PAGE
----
- Released: January 27, 1998
- Label: Raven [Australia]
- 1.Light My Fire
- 2.Hi Heel Sneakers
- 3.Hitchcock Railway
- 5.Hey Baby!
- 6.Marley Purt Drive
- 7.And the Sun Will Shine
- 8.Adios Amour :: Goodbye My Love
- 10.Girl (You'll Never Get Away From Me)
- 11.Point of View
- 13.She's a Woman
- 14.I Got a Woman
- 15.Go on Your Way
- 16.Sleep Late, My Lady Friend
- 17.Don't Let the Sun Catch You Crying
- 18.First of May
- 19.Life Is That Way
- 20.Chico and the Man
- 21.Take Me to the Pilot
- 22.Wild World
- 23.Not That Kind of Guy - (Hot Burrito #1)
- 24.Felice Navidad
Personnel: Buddy Lucas (harmonica).
Liner Note Author: Glenn A. Baker.
Arrangers: Al Capps; Perry Botkin, Jr.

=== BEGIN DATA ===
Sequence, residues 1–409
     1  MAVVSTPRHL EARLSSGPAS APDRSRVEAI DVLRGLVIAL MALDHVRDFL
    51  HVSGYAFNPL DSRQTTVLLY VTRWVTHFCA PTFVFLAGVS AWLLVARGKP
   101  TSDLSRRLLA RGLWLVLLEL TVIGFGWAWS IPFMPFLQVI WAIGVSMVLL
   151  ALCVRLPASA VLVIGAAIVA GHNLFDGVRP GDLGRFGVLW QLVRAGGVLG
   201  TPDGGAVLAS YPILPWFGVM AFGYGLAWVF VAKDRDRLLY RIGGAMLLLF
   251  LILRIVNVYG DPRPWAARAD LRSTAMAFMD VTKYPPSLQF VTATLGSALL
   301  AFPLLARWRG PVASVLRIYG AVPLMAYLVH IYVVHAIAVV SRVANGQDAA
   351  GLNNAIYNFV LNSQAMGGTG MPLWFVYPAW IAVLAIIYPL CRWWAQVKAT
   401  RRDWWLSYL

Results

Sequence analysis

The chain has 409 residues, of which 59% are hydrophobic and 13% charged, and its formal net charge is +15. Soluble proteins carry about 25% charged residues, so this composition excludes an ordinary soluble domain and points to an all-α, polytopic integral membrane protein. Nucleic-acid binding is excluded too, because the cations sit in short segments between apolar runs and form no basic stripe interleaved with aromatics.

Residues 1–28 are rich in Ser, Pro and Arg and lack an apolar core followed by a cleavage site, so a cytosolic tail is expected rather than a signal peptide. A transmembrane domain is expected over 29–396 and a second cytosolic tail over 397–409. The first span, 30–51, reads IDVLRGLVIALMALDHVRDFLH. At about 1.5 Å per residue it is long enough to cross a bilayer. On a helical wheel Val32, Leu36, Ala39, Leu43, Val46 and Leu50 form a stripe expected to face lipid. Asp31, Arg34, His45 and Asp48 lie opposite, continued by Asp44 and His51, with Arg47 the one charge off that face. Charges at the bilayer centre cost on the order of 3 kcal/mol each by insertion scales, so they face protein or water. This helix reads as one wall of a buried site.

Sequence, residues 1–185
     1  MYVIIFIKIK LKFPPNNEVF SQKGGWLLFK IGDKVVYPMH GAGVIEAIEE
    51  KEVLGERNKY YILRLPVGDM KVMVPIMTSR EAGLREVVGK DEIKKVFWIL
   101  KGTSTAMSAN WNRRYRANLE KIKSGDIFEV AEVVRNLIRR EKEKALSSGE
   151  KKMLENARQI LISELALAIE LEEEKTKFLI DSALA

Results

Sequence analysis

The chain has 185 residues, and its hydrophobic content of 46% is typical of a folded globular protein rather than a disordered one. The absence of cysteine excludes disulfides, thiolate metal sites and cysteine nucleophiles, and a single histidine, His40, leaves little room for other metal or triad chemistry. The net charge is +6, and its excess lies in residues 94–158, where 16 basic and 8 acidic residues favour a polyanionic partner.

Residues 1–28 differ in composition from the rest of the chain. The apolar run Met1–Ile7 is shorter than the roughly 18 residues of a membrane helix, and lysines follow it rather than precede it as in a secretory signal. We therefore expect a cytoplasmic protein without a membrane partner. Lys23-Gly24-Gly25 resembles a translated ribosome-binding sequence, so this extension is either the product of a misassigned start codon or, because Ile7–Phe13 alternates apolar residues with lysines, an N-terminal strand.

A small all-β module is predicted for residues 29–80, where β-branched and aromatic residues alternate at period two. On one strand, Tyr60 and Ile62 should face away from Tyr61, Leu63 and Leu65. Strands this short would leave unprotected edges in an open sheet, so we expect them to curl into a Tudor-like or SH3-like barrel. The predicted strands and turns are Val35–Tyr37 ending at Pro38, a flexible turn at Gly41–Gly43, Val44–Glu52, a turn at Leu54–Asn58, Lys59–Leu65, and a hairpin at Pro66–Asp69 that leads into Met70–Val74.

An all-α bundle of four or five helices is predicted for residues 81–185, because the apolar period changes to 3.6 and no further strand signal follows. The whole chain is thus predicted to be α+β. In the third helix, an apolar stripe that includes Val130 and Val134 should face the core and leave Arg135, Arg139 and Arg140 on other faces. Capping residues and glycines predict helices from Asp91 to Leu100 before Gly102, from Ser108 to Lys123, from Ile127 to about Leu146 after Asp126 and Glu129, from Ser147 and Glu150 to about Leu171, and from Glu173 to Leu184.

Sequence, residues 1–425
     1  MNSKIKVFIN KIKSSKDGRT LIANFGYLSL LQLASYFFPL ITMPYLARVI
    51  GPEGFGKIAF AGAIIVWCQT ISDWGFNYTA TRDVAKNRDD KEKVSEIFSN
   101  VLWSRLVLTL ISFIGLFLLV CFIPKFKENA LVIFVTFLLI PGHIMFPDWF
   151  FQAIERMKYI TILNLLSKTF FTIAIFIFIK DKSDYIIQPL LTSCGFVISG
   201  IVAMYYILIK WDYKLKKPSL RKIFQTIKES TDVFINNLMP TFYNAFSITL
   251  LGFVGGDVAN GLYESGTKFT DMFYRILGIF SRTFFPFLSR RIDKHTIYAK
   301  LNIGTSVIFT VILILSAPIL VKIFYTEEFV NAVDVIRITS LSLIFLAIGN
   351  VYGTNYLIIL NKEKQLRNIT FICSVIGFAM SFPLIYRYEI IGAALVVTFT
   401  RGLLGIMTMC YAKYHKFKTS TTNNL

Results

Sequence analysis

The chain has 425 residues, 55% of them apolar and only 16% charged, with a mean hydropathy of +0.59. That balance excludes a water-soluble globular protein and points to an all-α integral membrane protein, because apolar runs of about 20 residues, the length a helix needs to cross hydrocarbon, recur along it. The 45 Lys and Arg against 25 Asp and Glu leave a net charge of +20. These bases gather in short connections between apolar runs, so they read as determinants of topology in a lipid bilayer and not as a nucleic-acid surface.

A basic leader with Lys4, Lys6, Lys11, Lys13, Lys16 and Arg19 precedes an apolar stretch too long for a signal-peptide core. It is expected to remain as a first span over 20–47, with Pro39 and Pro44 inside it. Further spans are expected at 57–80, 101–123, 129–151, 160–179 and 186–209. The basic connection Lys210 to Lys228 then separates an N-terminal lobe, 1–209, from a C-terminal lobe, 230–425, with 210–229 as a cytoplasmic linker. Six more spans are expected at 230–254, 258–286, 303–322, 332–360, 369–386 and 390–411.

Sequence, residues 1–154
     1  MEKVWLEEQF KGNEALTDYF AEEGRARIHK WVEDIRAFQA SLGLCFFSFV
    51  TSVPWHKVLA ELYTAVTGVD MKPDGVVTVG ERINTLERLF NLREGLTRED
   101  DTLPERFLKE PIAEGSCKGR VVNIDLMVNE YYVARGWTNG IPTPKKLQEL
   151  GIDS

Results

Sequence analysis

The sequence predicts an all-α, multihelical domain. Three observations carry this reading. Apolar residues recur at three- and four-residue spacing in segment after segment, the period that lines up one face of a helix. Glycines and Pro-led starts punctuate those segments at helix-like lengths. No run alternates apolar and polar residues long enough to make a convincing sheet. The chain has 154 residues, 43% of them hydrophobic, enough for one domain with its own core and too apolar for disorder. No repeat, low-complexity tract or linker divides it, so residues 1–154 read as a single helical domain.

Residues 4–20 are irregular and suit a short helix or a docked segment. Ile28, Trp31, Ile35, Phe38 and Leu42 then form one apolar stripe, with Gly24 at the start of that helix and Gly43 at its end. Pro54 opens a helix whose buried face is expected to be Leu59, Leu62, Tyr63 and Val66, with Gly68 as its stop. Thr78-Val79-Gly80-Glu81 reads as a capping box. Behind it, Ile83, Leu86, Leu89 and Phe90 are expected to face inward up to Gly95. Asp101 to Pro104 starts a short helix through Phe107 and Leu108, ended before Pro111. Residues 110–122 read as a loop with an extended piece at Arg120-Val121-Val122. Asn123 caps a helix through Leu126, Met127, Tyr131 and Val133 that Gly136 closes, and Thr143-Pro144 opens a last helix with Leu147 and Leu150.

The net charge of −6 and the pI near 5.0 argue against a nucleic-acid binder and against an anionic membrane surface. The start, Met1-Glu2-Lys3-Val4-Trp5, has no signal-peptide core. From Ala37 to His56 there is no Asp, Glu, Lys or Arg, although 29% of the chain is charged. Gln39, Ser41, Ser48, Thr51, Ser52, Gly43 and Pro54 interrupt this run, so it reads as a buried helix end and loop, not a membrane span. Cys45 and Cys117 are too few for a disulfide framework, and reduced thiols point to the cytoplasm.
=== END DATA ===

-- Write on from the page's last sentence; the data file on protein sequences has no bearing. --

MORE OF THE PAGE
Although this CD might be harder to find and more expensive than American compilations on RCA, it makes a reasonable choice as the best Feliciano anthology. That's mostly because there's a lot of music here from his mid-'60s to mid-'70s prime, including 24 tracks and a whopping 78 minutes. With someone like Feliciano, who recorded so prolifically in that decade alone, there's bound to be some quibbling about what was selected. But it does have most of his chart singles, including "Light My Fire," "Hi-Heel Sneakers," "Susie-Q," "Marley Purt Drive," "Chico and the Man," "And the Sun Will Shine" (a U.K. hit though not a U.S. one), and "Feliz Navidad," though the low-charting "My World Is Empty Without You" and "The Star Spangled Banner" didn't make the cut. Although the non-chart items here are erratic, they do give an idea of his versatility and wide repertoire, encompassing covers of the Beatles, the Bee Gees, Ray Charles, Elton John, Cat Stevens, Gram Parsons, and Nilsson, the arrangements veering from the rather spare and folky to over-orchestrated lush MOR. Most notably for collectors, there are three late-'60s songs that were hits only in Australia (and, oddly, never even released in America), those being "Adios Amour," "Girl (You'll Never Get Away from Me)," and "A Point of View." The last two of those are Feliciano originals, "A Point of View" being a plea for interracial tolerance very much in keeping with the period. Unfortunately, it sounds like "Adios Amour," which has the mid-'60s pop-folk feel you'd expect from a song co-written by Tom Springfield, was mastered from vinyl rather than the original master, while the cover of the Flying Burrito Brothers' "Not That Kind of Guy (Hot Burrito No. 1)" suffers from a slowdown near the end that's surely a mastering defect. It's also disappointing that no original release dates and label information are included, though otherwise this makes for a very worthy overview of his first decade of English-language recordings. ~ Richie Unterberger